Saturday June 30, 2012
High-dividend equities preferred
KUALA LUMPUR: In an environment where the global economy is expected to “muddle through,” high-dividend equities are the favoured option for better returns and to enhance investors' income.
According to Standard Chartered (StanChart) chief investment strategist for consumer banking Steve Brice, high-dividend equities tend to outperform in low-growth environment.
“Dividends are inflation-protected, and historically, it has been proven that a significant part of equity returns come from dividends,” Brice said in a press briefing held in conjunction with StanChart's Second-Half Market Outlook 2012.
In general, Brice still believed that equities were good investment options despite the global economic uncertainties. He argued that there was significant value to be found in equities as a result of the recent re-escalation of eurozone debt crisis that had resulted in stock markets being battered.
Brice was, however, underweight on Malaysia's stock market, saying that it was less attractive compared with the likes of China and South Korea.
“I think the market is overbought, and valuations are not compelling,” he argued.
Having said that though, he maintained that Malaysia was a defensive market. While this might mean that the market would not deteriorate as much in a risk-averse environment, it also meant that the market would not be what many investors want to look for in a pro-risk environment.
Besides equities, Brice said StanChart was also overweight on corporate credit, arguing that spreads were still wide relative to history and expected defaults, while the search for yield would likely to continue supporting credit in a low-interest rate environment.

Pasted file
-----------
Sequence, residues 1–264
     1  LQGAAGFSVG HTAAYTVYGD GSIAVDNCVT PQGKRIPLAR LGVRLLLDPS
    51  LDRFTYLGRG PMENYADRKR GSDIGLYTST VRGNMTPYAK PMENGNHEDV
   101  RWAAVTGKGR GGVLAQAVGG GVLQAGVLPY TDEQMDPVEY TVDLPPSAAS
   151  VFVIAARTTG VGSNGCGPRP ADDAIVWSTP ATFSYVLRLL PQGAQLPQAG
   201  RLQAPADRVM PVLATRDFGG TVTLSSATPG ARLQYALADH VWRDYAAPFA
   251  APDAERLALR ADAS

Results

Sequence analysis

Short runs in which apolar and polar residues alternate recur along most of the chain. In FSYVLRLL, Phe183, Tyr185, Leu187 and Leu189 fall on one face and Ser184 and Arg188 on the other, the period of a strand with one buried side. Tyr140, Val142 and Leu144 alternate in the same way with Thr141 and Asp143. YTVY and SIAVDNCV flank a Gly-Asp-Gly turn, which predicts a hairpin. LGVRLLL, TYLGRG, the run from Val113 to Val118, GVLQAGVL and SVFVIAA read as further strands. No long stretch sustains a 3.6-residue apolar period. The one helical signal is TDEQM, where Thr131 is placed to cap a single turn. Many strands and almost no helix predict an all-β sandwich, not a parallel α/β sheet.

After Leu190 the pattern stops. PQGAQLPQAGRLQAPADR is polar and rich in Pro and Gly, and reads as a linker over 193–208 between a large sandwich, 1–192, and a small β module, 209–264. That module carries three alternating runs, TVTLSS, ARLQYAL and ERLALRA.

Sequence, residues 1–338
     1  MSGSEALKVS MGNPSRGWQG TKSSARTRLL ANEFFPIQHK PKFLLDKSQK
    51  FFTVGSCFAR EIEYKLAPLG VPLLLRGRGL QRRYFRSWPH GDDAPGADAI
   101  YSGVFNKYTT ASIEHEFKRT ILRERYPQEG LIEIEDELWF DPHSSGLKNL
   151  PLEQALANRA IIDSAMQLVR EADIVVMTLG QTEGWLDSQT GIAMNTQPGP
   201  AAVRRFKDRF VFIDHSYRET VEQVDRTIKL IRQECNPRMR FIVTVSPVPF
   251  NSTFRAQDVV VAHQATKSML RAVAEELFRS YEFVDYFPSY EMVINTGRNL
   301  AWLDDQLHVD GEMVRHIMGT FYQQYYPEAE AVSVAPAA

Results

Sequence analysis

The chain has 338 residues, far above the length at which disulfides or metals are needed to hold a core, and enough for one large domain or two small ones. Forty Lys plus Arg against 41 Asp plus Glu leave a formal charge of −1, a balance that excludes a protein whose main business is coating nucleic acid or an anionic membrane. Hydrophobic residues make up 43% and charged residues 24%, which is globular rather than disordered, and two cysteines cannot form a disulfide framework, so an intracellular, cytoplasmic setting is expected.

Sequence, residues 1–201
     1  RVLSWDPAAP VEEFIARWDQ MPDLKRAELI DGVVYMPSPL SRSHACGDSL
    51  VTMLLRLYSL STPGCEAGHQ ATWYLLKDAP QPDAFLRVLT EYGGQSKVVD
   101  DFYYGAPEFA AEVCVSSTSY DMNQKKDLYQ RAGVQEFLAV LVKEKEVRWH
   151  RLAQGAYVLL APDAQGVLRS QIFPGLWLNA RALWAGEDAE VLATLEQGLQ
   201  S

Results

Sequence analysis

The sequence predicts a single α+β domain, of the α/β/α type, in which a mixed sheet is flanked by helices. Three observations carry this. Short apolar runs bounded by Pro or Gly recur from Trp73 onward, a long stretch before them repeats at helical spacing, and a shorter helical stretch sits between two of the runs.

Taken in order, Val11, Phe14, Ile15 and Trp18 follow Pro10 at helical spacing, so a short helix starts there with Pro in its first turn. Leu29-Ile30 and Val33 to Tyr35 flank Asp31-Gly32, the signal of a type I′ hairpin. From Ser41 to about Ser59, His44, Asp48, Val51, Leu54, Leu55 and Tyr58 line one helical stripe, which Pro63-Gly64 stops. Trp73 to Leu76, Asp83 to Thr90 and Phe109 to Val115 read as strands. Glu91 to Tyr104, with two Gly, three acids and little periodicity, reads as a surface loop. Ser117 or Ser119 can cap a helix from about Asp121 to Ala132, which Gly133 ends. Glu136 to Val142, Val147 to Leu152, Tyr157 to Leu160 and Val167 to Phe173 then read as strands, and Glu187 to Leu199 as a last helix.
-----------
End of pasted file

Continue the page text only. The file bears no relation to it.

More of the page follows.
With Asian currencies back to their low levels, Brice said it was now an opportunity for investors to begin averaging into Asia local currency bonds. He argued that emerging market sovereign credit quality had continued to improve, while valuations looked reasonable.
On his macro outlook, Brice said the global economy would most likely avoid recession, but would muddle through, that is, experience low growth.
“We have lowered the probability of a global recession to 20% from our earlier projection of 30%,” he said.
Brice said the US economy would likely grow by 1.5% to 2.5% this year, while China would avoid a hard landing and experience a “U-shaped” recovery. Europe, nevertheless, was expected to enter a recession.
Meanwhile, Brice said he would still advise investors to hold gold in their portfolio.
“I recommend investors to have around 5% of their portfolio in gold,” he said, adding that gold was a good diversification of portfolio and could act as an “insurance policy” against significant monetary easing, which could have an impact on inflation.
Brice expected gold prices to average US$1,750 per ounce by the fourth quarter. Gold prices were traded at the US$1,570-to-US$1,580 range per ounce yesterday.
Brice said he expected commodity prices in general to start rallying again in the second half of this year.
For crude oil, for instance, he expected to see Brent crude oil prices rising to US$126 per barrel by year-end, compared with the US$90-US$95 per barrel now.